This is what the American playwright Arthur Miller was getting at more than half a century ago when he defined a good newspaper as “a nation talking to itself”.
Anyone who wants to know the hot topics of UAE society need only see how our readers express themselves, either through letters or on The National’s social media feeds on Facebook and Twitter.
Rising rents and the general cost of living, the plight of children caught in conflict zones, driver behaviour on the country’s roads, animal cruelty, the property market’s fluctuations, whether mothers should be compelled to breastfeed new babies, gratitude for the UAE’s accommodation of followers of other faiths, the process of Emiratisation and concern with the welfare of those on the bottom rungs of the economic ladder are all topics on which The National’s readers voice strong views.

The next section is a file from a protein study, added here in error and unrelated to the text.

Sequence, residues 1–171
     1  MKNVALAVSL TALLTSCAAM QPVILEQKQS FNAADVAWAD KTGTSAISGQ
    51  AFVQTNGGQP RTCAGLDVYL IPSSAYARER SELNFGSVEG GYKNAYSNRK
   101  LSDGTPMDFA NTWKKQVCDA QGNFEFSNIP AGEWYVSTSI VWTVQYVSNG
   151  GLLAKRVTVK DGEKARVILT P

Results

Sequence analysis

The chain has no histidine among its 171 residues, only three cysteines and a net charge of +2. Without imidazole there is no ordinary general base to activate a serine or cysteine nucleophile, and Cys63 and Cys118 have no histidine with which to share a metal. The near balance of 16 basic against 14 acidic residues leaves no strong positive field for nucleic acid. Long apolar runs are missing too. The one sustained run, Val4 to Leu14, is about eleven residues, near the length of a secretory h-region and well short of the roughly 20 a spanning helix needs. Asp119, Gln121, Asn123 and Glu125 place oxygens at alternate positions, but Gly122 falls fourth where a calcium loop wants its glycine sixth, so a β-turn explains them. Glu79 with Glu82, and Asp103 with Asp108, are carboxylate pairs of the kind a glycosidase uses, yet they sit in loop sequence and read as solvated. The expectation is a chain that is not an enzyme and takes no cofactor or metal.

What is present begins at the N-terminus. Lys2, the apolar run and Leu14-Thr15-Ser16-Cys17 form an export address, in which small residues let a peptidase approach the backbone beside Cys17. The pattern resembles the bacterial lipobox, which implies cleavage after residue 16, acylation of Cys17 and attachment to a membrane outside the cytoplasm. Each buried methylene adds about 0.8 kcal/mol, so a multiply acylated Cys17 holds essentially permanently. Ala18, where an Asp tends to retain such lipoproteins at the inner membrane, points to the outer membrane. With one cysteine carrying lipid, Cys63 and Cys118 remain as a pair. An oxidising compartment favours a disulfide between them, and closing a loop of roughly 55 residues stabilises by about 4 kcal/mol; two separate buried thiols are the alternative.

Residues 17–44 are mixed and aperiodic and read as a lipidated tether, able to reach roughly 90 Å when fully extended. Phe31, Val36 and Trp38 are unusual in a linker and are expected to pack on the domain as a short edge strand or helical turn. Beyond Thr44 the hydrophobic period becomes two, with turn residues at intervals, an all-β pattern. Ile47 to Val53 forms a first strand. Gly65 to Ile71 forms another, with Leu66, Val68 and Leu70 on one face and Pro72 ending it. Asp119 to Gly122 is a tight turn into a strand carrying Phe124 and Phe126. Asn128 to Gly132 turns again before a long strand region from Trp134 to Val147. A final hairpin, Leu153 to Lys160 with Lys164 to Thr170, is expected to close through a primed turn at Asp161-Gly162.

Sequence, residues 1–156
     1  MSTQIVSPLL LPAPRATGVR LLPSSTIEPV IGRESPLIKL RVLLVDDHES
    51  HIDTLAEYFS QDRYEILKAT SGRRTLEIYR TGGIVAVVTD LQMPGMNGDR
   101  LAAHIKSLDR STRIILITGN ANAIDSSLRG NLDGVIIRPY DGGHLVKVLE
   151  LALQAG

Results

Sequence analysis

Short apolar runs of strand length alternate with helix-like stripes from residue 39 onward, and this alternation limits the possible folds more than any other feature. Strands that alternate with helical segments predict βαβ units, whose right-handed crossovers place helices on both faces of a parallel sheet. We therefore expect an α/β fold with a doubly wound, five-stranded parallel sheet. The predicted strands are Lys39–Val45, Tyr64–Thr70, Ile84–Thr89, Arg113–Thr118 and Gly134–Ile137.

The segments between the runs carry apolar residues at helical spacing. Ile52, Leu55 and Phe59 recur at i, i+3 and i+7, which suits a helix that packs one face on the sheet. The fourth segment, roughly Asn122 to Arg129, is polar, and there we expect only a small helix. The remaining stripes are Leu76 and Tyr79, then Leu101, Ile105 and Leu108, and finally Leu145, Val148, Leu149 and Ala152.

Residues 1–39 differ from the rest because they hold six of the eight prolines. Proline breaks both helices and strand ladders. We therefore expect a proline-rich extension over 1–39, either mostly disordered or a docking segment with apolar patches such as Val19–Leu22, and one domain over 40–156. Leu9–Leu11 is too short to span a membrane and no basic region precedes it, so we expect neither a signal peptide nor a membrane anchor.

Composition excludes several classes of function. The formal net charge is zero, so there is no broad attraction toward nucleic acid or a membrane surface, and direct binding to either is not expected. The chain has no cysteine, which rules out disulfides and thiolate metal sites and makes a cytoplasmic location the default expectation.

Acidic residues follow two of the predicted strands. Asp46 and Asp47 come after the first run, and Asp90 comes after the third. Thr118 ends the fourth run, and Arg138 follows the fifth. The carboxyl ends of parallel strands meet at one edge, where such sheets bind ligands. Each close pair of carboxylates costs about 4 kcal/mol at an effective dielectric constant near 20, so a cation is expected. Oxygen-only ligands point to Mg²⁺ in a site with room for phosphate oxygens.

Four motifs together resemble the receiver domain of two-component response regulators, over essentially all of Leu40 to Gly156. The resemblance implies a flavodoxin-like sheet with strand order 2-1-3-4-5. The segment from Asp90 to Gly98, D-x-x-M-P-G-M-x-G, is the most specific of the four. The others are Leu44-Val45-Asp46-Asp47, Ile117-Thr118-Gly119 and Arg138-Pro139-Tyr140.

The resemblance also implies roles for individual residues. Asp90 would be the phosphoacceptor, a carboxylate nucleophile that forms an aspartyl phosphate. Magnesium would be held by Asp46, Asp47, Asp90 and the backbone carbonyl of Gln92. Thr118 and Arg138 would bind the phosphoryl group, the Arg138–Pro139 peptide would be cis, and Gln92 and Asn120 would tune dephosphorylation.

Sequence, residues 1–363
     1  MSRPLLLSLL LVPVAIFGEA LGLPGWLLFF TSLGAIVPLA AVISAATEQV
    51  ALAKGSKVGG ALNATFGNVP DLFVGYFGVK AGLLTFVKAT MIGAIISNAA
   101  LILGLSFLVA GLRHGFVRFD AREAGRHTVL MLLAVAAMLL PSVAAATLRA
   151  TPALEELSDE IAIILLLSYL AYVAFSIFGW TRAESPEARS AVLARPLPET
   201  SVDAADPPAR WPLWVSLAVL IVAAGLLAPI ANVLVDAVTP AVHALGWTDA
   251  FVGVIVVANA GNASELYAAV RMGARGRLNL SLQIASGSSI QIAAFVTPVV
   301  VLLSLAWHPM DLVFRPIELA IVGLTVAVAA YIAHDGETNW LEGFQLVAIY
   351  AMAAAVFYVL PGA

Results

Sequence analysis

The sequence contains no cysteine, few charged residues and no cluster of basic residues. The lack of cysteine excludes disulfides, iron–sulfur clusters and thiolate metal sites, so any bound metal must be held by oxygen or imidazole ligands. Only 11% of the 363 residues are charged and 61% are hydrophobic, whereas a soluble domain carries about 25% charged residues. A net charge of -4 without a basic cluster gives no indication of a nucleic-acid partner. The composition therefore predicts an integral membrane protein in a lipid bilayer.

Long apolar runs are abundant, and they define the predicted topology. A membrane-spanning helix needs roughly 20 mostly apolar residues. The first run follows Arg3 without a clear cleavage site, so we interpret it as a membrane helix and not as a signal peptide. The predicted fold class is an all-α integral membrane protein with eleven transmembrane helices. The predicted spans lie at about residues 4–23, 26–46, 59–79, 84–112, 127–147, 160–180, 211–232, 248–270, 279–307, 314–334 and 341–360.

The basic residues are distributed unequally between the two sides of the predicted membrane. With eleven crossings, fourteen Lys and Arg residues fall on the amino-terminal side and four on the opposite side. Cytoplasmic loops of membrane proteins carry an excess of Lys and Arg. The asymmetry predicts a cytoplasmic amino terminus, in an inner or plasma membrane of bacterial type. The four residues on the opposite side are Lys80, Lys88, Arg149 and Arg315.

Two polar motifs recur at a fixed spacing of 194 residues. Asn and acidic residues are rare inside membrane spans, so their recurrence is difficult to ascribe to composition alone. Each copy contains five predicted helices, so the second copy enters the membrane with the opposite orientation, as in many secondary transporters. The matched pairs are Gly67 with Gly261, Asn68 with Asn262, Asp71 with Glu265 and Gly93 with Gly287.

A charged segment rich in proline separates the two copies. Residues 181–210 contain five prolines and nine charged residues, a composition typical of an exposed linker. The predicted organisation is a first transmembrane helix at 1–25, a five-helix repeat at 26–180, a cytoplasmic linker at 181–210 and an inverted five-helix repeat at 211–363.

We have learnt to listen and take heed when an issue ignites our readers, shaping our response with the input of the community.
In the best cases, this dialogue can both highlight a problem and lead to its solution. In the window washers’ case, it meant there did not need to be a tragedy – for the negligent window washer or any innocent pedestrian walking below – before action was taken.
The same dynamic applied when another reader’s tip alerted us to theplight of two puppies – one with a paw deliberately hacked off and the other with damage to its foot pads – that were abandoned in the desert outside Dubai and left to die.